Invoicing Foreign Clients
There are two parts to invoicing foreign clients. The first is the invoice itself. The second, if you are VAT registered is the treatment of VAT on the invoice.
You can invoice foreign clients in the language of the country they are based in and in their currency as long as it is freely convertible, but you have to put the converted amount in euros on the invoice. I always invoice UK clients in sterling and use the Bank of France day rate for conversion. I've signed up to vosfactures.fr (Disclosure: this is a link which will allow me to earn a little free invoicing, so if you don't want me to you can always just type the website address in your browser) to generate invoices. They automatically calculate the euro amount using the up-to-date exchange rate.
It's a good idea to do the invoice in dual languages (in my case English and French) as otherwise you may need to get a court-appointed translator to translate them if you are audited by the taxman, but vosfactures do that for me too. By the way I use the cash accounting method, so I don't use the euro amount that is on the invoice in my books, but the Bank of France month end average for the month that I get paid.
Unfortunately invoicing foreign clients for VAT is not that straightforward. There are different rules depending on whether the client is based inside the EU or not and whether they are registered for VAT themselves.
EU companies with a VAT number
Firstly you need to get hold of the company's VAT number. The easiest way to do this is to ask. Then look it up on the EU portal to make sure that it is valid. Invoices can then be prepared with a zero rate of TVA, but they must bear the words "Opération bénéficiant du régime des livraisons intracommunautaires (autoliquidation) - article 138 de la directive 2006/112/CE" and the client's VAT number.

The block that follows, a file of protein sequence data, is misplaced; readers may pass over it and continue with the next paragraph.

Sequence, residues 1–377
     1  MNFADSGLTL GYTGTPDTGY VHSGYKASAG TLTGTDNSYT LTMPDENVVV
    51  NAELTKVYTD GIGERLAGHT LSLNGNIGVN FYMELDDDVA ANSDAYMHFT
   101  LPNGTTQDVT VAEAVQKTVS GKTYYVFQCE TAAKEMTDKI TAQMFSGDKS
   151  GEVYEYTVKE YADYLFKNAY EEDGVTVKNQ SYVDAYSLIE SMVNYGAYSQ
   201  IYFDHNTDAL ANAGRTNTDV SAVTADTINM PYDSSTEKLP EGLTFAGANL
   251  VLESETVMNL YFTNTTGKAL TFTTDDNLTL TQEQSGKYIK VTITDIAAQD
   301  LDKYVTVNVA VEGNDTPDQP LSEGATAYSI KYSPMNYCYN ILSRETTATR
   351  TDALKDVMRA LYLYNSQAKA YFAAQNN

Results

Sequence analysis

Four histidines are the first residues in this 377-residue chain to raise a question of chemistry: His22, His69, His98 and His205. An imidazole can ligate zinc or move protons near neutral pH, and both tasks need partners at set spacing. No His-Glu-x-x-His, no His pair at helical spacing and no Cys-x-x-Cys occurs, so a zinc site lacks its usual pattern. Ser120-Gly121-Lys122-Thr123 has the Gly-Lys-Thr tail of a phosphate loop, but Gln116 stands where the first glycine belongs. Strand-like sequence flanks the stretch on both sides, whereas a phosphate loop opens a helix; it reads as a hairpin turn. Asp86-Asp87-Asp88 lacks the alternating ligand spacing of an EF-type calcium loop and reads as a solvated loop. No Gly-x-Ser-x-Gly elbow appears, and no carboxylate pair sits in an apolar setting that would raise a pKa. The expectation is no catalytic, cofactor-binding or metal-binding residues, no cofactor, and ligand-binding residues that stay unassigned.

EU companies without a VAT number
If you are selling a "dematerialised service" you have to charge VAT at the rate that is applicable in the client's country. For client's based in the UK you will have to charge 20%. On the invoice you will need to state that you have invoiced at the UK rate in accordance with EU regulations.
You may also be able to declare them through the MOSS portal on your company's account on the Impots website. You have to register for this separately from the main VAT declaration and you need to complete a quarterly return, by the 20th of the month following the end of the quarter whether or not you have had any sales that quarter. More details available in French on the Impots site. Please note that MOSS is only available if you are selling electronic goods or services with little human input at the time of sale eg software that has already been built and is not customised, e-books or music downloads etc.
If you are unable to use MOSS you have to register for VAT in the country of the client and declare and pay the VAT there.
This is the most straightforward of them all as you don't have to invoice for VAT. Add the wording "Exonération de TVA, article 44 directive 2006/112" to your invoice to make clear why you aren't charging it.
At the moment the UK comes under the EU rules. Depending on what happens with Brexit, those rules will remain in place for the transition period, but if there is no agreement, the UK will be treated as a non-EU company from whenever the UK leaves.